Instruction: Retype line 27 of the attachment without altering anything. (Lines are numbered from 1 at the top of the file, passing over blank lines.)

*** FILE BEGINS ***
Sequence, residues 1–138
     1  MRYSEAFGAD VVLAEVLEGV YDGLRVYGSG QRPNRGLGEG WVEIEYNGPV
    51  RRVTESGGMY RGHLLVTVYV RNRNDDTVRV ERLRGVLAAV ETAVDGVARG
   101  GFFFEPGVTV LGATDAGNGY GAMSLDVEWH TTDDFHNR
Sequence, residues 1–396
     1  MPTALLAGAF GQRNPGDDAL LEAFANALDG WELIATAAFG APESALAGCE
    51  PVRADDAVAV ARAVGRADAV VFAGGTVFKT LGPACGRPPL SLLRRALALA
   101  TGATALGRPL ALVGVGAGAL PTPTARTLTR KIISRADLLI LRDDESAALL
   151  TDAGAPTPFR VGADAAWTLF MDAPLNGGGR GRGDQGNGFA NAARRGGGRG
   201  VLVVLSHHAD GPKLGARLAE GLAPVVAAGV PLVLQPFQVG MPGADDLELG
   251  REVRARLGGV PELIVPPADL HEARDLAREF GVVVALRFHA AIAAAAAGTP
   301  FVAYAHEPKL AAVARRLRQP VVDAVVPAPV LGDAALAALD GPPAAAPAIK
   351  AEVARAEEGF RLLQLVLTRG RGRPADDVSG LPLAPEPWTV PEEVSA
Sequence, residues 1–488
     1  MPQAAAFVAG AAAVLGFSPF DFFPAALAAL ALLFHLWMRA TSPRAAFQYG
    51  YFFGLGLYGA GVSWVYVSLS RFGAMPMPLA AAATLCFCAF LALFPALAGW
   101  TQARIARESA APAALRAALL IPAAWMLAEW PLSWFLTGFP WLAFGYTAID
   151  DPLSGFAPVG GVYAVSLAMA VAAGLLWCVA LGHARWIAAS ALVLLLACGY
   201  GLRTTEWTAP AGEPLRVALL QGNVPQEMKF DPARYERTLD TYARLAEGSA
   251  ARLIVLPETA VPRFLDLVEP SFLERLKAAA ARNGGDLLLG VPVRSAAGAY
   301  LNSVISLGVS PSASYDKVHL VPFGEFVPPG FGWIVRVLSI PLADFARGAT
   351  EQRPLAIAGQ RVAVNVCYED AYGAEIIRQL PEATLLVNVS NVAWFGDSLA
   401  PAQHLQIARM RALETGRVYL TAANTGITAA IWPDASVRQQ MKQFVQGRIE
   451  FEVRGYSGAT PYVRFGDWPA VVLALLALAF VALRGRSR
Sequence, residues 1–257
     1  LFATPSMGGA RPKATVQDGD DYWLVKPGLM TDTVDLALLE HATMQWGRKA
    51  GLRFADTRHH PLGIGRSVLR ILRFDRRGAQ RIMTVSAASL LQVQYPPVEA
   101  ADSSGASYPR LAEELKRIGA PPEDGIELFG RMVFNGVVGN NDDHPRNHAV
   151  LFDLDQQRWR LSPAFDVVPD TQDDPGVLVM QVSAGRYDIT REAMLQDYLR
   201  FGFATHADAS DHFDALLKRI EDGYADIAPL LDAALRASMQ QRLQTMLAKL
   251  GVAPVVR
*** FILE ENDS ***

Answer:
    51  GLRFADTRHH PLGIGRSVLR ILRFDRRGAQ RIMTVSAASL LQVQYPPVEA